The hon. Member for North Warwickshire asked a good question about why franchising, rather than advertising, is being used for the post, given that the Government are restricting applications to those from within the NHS. I suspect that that is because franchising is a new policy for which the Government can take credit, by definition, because they invented the term. Hospitals that are doing badly can only do better. When they do better with a new manager, the Government will say that that is a direct result of franchising, rather than of the new manager.

Finally, I must mention performance indicators. The Sunday Express set out the position by pointing out that there are three sets of performance indicators in use at once. The star rating system was slammed by health service journals and others as irrational and subject to fiddling. It causes the distortion of resource allocations and clinical priorities, and measures such things as capacity, over which hospitals have little control. Further indicators are the Dr. Foster ratings and the CHI report. All the indicators drew very different conclusions about the hospital. John Richardson, a spokesman for the University Hospitals Coventry and Warwickshire NHS trust, said that the naming of the hospital as a poorly performing trust was catastrophically damaging to its staff and unduly worrying to its patients.

That was not said about the CHI report, which allows the press to go into the detail of the specific allegations and to see that the concerns are not mainly clinical but are about some of the broad-ranging performance indicator systems that are being used, such as the Government's performance indicator. There is an element of blame shifting in the system; we must be aware of that.

Someone referred to the Secretary of State's comment that no chief executive should be looking for the excuse book. That message could come back to haunt the political chief executive of the NHS, because in the end, the proper performance of hospitals is a matter for the politicians.

10.40 am

Mr. Simon Burns (West Chelmsford): Like other hon. Members, I begin by congratulating the hon. Member for Coventry, South (Mr. Cunningham) on bringing this important debate before the House of Commons yet again. Its importance is highlighted by the presence of so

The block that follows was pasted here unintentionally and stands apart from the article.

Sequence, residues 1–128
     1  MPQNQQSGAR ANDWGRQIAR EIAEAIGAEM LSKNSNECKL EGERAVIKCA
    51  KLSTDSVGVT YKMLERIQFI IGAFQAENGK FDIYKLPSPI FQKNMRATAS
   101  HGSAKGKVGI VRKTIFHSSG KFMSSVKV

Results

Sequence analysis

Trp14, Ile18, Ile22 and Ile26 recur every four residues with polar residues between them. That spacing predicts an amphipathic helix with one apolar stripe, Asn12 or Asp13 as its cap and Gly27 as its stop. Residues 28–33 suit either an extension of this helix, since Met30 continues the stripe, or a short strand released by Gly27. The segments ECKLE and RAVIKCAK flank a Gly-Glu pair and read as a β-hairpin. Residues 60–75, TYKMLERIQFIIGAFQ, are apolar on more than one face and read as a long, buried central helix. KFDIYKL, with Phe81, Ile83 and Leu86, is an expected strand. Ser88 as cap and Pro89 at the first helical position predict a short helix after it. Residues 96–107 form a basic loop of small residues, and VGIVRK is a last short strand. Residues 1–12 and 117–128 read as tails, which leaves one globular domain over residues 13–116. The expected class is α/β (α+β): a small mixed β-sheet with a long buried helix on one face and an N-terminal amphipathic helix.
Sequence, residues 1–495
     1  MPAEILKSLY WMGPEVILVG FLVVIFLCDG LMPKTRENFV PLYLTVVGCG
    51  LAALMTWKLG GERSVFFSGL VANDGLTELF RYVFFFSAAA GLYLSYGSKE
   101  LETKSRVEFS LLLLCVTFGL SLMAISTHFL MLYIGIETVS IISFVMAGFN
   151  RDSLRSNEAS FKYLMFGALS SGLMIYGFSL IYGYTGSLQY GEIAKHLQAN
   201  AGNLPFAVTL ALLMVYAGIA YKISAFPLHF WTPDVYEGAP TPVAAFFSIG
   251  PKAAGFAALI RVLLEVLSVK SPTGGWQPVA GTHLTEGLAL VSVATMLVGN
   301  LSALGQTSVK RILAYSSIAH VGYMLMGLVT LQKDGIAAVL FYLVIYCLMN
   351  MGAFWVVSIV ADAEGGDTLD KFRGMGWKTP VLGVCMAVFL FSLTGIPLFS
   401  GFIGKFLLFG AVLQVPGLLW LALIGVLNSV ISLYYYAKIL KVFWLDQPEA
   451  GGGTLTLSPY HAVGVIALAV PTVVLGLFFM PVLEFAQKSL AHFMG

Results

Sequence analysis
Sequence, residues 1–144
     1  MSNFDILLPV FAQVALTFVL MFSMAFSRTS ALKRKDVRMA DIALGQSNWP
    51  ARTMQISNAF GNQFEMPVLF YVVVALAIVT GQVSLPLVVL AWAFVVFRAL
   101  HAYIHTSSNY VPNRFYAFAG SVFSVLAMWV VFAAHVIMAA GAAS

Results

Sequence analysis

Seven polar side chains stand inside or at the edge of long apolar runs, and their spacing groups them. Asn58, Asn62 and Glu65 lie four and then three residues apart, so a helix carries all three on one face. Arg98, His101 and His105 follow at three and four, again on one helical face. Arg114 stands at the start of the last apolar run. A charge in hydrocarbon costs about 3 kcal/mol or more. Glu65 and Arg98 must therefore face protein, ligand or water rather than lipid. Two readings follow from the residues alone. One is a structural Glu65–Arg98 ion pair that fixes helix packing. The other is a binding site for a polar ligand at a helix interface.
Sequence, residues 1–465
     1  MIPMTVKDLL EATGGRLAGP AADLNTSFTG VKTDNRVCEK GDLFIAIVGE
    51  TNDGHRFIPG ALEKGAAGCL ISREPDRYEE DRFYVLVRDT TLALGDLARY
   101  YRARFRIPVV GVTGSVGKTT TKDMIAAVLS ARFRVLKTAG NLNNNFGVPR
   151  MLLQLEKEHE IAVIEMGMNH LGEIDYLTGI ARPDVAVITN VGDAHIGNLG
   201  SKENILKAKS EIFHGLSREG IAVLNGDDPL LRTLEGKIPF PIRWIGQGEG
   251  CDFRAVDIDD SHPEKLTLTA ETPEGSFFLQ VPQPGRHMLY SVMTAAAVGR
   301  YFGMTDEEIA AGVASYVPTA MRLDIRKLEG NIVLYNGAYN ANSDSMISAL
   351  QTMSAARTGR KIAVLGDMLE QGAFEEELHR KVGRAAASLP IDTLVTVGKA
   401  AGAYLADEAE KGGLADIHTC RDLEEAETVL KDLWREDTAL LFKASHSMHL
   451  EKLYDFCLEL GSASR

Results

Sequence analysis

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many Labour Members who represent constituencies that are directly affected, and of my hon. Friends the Members for Meriden (Mrs. Spelman) and for Solihull (Mr. Taylor). The debate is important because—not unnaturally or unreasonably—hon. Members want to secure the best health care for the communities in their constituencies.

In Walsgrave hospital, we have seen the high standards of health care that we and our fellow citizens expect unravel for far too long, and now they have completely collapsed. It is important to repeat what many hon. Members have said: we are not criticising the dedicated staff who work in that trust and that hospital. What has happened in that hospital has been described by many hon. Members both in this debate and in the past: the trust has a dysfunctional management team, and that has caused many critical problems with the provision of health care in what should be a first-class hospital offering first class patient care to the people of Coventry and the surrounding area. For far too long, it has been blighted by a series of ongoing disputes. They have torn the hospital apart. Consultants have, in effect, been at war with the senior management, and especially with the chief executive. That has resulted in a dismal level of health care and patient care, which led the hospital to receive a zero star rating in the league tables issued in late 2001.

The hospital has been riven by suspensions of consultants, resignations, bullying, low morale and a desperate atmosphere of suspicion, tension and recrimination. In short, the atmosphere and conditions in which people have had to work, and which patients have had to put up with, are poisonous. That has led to low morale among the patients and the staff, who have had to do a very difficult job in very difficult circumstances.